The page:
Written by Terri Reddout
Gaming. What do I know about gaming? Nothing. Nada. Ziltch.
Okay, that’s not true. I did a little research and now I know gaming is a $60 billion dollar a year industry. It is so big, so incorporated into society that even the academic world takes it seriously.
Games and Culture: A Journal of Interactive Media has been in publication since January 2006. Each journal asks psychologists, sociologists, communication specialists and more to share what they learned about gamers communicate, how they associate with each other and what they can accomplish working collaboratively.
In one issue they look at how propaganda is being used in EVE Online. Another article looks at the differences of culture between American and Russian players. Apparently, there’s a perception that Russians approach the game in a more criminal manner. The study shows it’s just part of their culture.
What else do I know about gaming?
I know that when Pong first came out in 1974 my boyfriend gave my little brothers his old television set to use to play the game. The pong ball bouncing across the screen would eventually leave tracers across the screen. Not something you want to see on the family color television while watching All in the Family, M*A*S*H and Hawaii 50.
Watch this Pong video for just the first 45 seconds or so. Be prepared for your heart to start racing and your palms to sweat.
See. What did I tell you? Let me give you a couple of seconds to get your heart rate back to normal.
In the early 80s I really got into gaming, for about a month. Burger Time had little chef who walked around a maze to build hamburgers while avoid pepper shakers. Again, keep your heart medication close at hand!
Again, that’s some pretty exciting action going on the screen there. I wonder what the fried egg was all about.
Around 2001 I noticed students not showing up for class. Their reason? “I just got caught up in Halo, Terri.”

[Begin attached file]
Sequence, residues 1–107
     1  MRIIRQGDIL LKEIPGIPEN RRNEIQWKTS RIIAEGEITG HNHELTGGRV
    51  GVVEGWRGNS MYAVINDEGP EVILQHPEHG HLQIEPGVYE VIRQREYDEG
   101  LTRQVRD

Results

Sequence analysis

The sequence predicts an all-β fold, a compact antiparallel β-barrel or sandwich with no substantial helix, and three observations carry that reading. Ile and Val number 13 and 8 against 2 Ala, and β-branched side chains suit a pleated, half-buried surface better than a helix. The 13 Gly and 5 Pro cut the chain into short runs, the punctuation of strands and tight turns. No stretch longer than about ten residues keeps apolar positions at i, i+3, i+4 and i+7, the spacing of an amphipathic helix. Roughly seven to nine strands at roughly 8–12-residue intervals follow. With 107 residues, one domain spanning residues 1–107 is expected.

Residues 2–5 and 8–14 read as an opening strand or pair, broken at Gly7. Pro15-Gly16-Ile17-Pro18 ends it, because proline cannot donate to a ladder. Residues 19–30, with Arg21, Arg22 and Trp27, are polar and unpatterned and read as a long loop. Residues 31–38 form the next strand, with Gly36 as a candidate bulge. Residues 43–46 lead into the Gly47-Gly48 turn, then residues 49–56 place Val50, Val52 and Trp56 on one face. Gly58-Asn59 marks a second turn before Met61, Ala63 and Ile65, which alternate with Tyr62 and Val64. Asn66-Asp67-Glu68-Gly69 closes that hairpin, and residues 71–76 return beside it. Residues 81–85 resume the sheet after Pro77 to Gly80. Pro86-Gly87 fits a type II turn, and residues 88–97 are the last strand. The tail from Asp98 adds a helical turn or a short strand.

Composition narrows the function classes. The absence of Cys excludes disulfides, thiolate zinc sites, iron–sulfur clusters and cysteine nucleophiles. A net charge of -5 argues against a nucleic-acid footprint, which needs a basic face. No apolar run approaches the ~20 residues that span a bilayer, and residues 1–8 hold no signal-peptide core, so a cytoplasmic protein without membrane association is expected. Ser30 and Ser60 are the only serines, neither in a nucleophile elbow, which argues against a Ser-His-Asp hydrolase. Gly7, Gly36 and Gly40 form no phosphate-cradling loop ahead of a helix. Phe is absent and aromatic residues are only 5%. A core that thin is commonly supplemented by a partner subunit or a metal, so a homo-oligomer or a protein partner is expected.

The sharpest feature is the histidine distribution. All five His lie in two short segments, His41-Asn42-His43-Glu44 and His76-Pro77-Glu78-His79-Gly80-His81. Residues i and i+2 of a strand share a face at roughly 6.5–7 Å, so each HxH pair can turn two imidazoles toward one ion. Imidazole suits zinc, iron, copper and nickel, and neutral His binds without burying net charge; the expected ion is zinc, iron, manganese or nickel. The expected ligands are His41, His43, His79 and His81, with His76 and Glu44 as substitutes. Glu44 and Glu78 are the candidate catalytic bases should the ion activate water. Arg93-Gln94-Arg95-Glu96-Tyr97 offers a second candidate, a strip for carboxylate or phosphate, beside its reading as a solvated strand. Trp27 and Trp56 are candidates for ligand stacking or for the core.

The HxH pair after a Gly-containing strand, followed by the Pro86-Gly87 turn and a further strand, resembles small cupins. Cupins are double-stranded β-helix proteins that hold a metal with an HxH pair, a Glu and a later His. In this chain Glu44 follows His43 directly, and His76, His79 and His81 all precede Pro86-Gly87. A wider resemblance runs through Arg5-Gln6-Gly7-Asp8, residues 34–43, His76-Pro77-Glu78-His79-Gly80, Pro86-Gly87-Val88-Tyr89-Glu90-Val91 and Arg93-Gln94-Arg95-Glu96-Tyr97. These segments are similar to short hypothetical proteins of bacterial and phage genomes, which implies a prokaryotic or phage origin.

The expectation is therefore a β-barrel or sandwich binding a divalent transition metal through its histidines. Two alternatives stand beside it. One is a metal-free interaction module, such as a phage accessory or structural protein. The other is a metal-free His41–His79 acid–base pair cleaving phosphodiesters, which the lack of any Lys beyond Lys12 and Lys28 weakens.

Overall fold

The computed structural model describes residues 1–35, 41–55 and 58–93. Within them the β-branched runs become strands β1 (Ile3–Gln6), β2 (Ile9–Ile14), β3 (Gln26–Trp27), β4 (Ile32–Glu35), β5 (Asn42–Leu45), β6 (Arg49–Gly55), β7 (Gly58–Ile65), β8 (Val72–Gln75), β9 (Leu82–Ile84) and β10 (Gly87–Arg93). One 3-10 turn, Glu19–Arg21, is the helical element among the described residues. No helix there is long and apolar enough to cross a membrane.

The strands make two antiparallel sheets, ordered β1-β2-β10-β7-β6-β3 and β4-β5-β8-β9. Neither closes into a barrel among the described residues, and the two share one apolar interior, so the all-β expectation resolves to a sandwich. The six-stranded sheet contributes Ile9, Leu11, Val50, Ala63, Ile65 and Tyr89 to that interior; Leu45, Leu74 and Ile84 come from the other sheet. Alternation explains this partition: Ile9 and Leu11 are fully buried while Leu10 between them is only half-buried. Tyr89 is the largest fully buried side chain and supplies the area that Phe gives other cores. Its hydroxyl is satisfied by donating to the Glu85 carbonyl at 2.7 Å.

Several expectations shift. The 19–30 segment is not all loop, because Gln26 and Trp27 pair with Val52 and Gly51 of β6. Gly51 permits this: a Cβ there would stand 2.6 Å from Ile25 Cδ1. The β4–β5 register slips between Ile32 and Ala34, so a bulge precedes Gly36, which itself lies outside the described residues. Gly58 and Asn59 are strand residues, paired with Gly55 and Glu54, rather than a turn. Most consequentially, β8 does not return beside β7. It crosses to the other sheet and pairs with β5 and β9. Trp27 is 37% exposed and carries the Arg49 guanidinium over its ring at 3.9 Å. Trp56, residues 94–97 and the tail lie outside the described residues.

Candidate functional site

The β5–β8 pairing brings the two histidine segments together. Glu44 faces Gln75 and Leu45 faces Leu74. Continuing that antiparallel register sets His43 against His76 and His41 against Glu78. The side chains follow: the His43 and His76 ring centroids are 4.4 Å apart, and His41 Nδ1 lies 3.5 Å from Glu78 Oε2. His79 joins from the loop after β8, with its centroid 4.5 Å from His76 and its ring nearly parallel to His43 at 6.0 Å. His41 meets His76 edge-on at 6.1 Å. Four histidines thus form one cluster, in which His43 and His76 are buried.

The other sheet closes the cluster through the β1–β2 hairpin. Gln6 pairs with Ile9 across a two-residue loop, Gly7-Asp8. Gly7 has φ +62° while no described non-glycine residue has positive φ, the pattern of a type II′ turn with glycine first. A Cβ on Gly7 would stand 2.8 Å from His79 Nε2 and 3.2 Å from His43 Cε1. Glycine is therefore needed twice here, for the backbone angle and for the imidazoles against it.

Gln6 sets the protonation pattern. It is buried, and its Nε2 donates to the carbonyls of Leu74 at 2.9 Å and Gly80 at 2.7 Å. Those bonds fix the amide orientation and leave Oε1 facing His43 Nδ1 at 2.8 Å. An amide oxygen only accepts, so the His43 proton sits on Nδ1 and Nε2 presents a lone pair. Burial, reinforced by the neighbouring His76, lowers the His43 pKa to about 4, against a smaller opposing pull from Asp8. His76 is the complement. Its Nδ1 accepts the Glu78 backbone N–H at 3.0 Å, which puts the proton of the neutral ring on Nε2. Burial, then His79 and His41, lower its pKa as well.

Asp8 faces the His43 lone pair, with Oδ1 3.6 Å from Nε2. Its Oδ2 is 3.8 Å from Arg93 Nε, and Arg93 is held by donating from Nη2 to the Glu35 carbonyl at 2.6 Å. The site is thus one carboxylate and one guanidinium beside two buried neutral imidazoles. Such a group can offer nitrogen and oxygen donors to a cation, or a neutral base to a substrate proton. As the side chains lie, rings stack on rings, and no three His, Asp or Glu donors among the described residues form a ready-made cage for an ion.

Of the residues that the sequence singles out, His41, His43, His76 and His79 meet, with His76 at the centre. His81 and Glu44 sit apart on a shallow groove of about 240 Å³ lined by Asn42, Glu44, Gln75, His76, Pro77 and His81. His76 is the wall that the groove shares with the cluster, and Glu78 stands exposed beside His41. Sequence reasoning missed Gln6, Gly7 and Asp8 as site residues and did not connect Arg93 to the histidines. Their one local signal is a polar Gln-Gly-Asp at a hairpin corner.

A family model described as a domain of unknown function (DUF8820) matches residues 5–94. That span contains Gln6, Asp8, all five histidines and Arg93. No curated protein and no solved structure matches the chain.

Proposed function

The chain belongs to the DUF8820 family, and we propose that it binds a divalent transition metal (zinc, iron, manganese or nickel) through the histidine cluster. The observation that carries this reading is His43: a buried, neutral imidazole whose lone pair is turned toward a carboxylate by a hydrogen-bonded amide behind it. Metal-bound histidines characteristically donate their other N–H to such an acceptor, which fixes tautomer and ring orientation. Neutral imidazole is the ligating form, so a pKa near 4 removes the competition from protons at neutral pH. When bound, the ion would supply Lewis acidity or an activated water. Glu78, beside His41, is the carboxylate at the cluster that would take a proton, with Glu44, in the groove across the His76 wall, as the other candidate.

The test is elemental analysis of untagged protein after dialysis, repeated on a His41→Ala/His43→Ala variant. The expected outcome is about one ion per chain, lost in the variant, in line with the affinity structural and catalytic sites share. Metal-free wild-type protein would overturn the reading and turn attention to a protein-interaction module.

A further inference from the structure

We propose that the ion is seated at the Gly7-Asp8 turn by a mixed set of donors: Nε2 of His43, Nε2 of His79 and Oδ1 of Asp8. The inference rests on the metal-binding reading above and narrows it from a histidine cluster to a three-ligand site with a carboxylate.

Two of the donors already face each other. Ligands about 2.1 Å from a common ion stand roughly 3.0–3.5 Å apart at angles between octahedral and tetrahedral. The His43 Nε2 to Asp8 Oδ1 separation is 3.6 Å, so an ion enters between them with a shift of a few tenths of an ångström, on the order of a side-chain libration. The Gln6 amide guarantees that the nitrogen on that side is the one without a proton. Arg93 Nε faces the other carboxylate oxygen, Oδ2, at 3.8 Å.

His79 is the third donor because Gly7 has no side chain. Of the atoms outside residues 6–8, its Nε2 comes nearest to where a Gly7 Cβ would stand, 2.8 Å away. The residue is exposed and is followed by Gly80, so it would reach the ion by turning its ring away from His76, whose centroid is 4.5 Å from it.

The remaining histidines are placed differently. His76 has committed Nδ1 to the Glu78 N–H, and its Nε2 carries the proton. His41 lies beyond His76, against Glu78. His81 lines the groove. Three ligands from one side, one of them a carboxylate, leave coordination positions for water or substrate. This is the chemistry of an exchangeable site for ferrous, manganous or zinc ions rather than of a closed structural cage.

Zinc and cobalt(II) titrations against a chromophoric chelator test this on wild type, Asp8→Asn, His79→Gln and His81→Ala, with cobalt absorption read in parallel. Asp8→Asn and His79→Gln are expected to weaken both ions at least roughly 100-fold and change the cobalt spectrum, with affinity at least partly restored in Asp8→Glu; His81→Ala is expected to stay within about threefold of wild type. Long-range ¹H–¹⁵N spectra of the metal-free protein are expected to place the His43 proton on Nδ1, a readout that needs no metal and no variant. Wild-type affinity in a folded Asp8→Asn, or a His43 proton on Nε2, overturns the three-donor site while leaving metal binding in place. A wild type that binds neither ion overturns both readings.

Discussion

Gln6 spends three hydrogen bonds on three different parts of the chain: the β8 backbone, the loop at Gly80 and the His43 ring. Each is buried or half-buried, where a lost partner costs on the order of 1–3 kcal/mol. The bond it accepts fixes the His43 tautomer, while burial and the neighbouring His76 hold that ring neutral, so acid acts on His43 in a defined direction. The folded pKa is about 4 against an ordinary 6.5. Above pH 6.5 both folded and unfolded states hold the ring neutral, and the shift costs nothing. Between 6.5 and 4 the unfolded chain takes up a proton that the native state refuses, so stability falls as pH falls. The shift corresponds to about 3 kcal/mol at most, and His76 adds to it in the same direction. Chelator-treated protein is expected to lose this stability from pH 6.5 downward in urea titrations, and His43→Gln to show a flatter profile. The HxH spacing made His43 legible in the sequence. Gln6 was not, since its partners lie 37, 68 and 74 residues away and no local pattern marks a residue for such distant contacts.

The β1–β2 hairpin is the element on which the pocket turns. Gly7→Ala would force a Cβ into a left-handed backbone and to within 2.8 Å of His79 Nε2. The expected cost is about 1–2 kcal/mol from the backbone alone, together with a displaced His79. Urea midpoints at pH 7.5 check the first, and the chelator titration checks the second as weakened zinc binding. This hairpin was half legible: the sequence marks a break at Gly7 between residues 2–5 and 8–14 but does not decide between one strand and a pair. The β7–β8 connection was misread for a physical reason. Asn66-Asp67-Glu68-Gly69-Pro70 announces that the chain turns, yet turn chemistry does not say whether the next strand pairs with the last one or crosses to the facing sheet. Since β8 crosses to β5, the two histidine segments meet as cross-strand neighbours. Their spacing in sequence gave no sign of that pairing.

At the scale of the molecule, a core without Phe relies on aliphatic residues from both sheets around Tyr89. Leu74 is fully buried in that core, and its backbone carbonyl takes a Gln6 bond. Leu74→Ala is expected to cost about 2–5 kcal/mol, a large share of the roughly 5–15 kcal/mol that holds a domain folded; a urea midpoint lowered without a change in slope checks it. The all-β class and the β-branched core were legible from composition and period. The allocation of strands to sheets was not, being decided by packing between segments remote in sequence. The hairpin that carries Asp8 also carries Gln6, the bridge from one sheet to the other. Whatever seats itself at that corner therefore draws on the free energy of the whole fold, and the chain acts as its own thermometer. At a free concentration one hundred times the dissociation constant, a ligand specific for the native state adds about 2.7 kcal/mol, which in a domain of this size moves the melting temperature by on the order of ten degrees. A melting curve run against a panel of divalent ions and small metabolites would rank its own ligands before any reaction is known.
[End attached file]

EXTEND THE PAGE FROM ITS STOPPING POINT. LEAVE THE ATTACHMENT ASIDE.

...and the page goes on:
In 2004 I started hearing about guys parked in front of their gaming console for hours at a time. Only this time they were playing in teams with people around the country and even around the world. One of my friends referred to herself as a World of Warcraft Widow.
Now, a hero from my childhood sings the theme song to another game, Destiny. Paul McCartney told Jon Stewart he took the gig so his grandkids would think he was cool. (Imagine Paul McCartney not being cool. I just can’t do it.)
What! Video games AREN’T bad for you?
I looked for resources to tell me video games are bad for people. Instead what I found was that video games can be good for you (when played in moderation).
An article in Pediatrics, the official journal of the American Academy of Pediatrics, did a study of 4000 high school students in Connecticut. Basically only students who identified themselves as hard core gamers had problems with grades, extra curricular activities and use of drugs or alcohol.
A German study found that playing Mario is like steroids for the brain. They even think it could improve brain function for people with mental disorders. The same article claims video games can help children with dyslexia read better, help seniors stay more active, provide pain relief and even improve your eyesight.
In my quick search I had a difficult time finding recent, credible sources who said gaming (in moderation) is bad for you.
And then I saw this TED Talk video. Jane McGonigal is a gaming designer. She contends that if more people played video games more of the world’s problems would be solved. Watch her video. It’s 20 minutes long and necessary for you to complete the assignment.
Based on what you know about gaming, do you back Jane McGonigal’s idea that more of us should be gaming? Why or why not? Your response should demonstrate you did watch the Jane McGonigal video. Worth 15 points. Upload your response to the Can video games save the world? discussion board. I encourage you to comment on the posts, but it won’t be part of the grading criteria.
REMEMBER TO POST YOUR ANSWERS TO THE DISCUSSION BOARD IF YOU WANT TO BE GRADED. Please feel free to comment on this blog as well, but I will only be grading the post on the Canvas discussion board.